Once the welding students begin their final 20 weeks, all of their time is spent at the harbor at the school's welding pier and barge. The pier features three underwater cutting stations and the barge contains five underwater welding stations. Since the 17-foot (5m) deep welding stations are suspended off the bottom of the harbor, there's always some movement, again helping to simulate real-world situations. The murky water offers limited visibility and the water temperature can drop below 45 degrees F (7.2 degrees C) during the winter.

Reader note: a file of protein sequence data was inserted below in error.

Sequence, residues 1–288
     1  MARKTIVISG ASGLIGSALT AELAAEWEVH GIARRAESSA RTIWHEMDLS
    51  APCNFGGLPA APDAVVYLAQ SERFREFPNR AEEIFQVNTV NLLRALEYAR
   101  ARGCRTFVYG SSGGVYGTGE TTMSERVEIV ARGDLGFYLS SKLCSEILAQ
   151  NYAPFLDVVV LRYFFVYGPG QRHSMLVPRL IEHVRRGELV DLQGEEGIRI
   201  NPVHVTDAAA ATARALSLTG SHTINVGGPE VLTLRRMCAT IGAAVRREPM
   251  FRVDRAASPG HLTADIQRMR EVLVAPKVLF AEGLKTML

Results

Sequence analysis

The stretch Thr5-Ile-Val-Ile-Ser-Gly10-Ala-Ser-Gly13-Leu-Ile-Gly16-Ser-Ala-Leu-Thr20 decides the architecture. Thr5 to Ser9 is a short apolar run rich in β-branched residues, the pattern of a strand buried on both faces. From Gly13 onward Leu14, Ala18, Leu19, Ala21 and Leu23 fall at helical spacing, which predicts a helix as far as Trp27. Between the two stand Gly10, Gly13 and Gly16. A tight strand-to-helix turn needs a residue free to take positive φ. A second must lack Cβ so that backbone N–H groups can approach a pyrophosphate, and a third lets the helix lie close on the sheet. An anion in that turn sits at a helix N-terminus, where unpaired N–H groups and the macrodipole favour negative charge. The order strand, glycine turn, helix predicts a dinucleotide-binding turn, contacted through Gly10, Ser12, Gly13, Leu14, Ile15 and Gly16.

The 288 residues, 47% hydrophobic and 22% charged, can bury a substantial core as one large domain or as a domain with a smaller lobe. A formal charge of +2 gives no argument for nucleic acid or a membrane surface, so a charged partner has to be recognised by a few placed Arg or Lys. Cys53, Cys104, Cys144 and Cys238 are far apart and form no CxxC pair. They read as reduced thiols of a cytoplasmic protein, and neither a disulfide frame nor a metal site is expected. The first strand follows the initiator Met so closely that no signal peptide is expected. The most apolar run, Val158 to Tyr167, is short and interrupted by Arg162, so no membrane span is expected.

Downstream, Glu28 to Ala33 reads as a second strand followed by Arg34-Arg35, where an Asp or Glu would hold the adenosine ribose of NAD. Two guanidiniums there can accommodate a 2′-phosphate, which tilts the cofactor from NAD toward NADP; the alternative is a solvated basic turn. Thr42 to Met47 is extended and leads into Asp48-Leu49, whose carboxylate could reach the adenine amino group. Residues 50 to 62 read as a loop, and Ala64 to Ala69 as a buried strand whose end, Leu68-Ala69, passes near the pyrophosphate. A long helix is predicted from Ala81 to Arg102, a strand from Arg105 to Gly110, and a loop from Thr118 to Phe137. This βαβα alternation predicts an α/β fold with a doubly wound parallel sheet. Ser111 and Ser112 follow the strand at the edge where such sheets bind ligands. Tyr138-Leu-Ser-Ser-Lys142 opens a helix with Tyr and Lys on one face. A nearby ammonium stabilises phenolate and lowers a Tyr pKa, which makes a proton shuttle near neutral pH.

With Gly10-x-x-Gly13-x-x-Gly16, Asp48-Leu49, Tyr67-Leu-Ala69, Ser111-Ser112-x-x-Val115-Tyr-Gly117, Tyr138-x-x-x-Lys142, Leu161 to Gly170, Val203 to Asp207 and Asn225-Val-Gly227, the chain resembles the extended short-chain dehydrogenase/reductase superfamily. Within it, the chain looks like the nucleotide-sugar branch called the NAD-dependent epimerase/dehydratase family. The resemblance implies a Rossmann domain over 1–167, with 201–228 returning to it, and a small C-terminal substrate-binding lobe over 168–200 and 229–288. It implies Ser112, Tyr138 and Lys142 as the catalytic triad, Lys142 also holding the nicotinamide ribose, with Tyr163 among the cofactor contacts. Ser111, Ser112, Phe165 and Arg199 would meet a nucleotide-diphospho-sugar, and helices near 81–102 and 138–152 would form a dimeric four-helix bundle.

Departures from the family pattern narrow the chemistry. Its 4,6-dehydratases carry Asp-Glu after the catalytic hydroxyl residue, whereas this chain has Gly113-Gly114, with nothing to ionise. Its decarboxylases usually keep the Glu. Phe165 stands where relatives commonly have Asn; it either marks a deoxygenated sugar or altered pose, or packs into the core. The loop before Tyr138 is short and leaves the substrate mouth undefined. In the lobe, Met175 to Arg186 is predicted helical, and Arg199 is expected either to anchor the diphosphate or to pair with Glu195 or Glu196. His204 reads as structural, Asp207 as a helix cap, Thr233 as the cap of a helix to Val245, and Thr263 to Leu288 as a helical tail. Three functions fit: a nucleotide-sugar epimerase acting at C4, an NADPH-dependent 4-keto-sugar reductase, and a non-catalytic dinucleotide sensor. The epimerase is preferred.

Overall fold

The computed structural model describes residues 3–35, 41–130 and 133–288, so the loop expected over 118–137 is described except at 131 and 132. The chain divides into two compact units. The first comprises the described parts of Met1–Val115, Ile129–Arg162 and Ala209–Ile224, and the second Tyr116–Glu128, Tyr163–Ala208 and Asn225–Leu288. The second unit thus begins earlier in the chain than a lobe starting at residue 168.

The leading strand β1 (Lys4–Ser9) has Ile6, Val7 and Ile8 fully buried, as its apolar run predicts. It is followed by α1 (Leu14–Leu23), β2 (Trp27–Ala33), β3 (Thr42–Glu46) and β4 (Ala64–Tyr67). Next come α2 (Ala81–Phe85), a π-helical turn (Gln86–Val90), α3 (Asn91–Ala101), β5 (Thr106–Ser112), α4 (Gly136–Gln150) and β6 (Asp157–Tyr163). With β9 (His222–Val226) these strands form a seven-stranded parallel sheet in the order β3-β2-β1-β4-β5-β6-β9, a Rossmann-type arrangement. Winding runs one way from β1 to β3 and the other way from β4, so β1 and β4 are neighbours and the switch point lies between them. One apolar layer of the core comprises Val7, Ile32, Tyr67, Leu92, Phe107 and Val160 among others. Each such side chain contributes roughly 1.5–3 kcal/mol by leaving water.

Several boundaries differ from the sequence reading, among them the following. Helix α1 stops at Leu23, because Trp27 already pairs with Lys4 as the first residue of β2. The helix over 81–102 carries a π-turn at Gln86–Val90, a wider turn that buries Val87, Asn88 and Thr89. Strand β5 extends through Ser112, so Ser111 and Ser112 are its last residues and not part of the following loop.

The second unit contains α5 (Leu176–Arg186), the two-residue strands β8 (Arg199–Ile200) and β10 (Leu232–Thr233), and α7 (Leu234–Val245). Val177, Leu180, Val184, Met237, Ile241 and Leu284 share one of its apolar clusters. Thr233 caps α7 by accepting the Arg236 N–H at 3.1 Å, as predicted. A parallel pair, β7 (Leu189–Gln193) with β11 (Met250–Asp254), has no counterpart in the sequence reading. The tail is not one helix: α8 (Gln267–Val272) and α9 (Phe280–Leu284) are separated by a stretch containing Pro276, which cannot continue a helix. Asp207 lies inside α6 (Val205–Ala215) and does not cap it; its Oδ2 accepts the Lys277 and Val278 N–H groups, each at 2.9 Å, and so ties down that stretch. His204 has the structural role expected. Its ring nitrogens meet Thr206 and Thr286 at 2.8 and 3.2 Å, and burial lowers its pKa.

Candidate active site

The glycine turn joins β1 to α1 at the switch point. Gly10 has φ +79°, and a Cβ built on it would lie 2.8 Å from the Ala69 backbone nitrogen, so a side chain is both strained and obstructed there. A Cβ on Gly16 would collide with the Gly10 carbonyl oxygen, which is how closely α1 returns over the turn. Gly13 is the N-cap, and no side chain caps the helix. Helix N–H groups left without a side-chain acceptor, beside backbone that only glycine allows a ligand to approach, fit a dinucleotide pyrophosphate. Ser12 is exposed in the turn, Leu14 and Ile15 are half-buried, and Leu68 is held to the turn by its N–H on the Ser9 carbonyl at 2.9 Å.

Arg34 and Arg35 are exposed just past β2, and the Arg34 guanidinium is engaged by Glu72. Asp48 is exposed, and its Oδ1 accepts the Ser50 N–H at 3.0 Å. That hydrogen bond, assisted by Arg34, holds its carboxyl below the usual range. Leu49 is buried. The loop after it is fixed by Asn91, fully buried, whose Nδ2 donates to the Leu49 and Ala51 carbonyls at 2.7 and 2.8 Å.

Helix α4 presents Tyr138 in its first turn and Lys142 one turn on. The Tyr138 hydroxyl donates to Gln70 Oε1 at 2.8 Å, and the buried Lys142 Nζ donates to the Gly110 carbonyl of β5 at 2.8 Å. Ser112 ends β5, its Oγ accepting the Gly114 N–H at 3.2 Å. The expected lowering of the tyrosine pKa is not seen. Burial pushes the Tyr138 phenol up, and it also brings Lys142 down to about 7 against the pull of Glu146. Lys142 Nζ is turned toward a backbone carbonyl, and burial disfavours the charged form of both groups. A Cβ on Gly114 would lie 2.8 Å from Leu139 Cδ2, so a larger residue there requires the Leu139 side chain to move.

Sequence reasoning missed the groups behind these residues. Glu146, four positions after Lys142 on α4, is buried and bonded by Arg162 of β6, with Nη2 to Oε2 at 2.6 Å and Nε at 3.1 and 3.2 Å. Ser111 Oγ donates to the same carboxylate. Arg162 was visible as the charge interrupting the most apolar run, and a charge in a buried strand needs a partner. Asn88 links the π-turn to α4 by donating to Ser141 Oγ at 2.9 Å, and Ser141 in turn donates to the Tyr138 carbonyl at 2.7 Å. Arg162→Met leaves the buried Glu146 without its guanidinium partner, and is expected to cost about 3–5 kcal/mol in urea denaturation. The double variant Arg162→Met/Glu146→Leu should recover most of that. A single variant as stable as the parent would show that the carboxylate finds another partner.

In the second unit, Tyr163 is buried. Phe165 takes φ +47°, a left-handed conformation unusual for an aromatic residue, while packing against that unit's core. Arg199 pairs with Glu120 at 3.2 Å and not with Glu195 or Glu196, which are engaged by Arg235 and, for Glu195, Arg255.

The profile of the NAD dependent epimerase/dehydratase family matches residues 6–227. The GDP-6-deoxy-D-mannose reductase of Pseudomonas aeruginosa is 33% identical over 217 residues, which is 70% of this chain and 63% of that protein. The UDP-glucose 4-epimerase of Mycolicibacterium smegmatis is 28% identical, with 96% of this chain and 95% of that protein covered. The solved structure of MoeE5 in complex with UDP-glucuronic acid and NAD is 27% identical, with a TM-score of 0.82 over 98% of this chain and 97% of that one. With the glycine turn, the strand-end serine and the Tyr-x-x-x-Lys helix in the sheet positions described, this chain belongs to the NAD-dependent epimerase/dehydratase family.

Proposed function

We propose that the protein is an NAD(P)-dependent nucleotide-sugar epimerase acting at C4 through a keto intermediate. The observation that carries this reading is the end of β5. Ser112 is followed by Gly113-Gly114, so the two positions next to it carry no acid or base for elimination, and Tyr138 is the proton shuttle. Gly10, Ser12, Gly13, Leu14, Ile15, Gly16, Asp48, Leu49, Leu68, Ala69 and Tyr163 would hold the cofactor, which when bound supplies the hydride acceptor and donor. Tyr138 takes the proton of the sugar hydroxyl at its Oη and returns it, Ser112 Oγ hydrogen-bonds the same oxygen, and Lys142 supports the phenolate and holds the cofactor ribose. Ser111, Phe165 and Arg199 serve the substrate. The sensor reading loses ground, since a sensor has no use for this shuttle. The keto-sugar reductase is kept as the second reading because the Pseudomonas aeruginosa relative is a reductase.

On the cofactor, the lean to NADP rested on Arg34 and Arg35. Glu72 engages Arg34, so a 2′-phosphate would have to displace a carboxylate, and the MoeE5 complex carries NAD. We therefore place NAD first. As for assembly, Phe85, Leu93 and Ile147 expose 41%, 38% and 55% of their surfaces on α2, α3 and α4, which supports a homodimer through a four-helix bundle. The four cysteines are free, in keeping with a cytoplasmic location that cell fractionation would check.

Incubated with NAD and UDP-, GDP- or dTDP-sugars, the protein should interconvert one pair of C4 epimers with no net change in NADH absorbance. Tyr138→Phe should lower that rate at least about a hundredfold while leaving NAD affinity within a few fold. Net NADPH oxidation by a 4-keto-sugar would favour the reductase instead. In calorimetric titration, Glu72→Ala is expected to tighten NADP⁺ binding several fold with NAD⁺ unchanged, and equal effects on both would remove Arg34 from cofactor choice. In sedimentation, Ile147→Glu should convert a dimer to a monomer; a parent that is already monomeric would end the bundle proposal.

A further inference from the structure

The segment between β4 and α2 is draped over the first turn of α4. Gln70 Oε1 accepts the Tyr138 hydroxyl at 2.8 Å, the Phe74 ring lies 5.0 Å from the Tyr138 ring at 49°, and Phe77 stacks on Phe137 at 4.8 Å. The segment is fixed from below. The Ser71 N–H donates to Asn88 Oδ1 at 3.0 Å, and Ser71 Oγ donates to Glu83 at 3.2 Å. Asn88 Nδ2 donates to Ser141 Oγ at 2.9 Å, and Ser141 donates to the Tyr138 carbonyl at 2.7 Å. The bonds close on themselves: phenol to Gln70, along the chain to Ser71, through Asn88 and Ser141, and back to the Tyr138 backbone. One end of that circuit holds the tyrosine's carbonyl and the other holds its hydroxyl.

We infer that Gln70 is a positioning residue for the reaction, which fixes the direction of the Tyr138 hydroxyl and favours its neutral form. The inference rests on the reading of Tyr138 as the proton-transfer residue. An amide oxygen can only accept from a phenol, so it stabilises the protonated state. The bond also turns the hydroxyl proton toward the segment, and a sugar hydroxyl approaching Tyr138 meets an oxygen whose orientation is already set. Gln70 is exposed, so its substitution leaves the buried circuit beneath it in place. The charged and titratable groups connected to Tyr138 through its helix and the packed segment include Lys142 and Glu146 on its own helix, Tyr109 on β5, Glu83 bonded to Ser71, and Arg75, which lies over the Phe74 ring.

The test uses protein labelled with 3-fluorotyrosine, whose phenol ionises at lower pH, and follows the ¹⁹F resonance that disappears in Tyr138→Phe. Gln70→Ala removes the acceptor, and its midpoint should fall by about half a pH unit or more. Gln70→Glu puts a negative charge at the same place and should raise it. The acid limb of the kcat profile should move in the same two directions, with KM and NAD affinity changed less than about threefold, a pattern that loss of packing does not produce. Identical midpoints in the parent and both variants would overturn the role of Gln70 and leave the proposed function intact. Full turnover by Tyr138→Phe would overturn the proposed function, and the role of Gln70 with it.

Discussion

Students spend their first three weeks learning underwater cutting using both exothermic and tubular steel electrodes. Assignments include cutting 3/8- to 1-1/4-inch plate and pipe diameters up to 24 inches. The fourth week is spent welding topside. From week five until the end of the program, the students concentrate on underwater welding. "That's when they're on the welding barge," Ogden said. "They'll weld underwater usually between six and seven hours a day, and they will also weld topside another three or four hours a day either practicing for their unlimited test or welding on projects."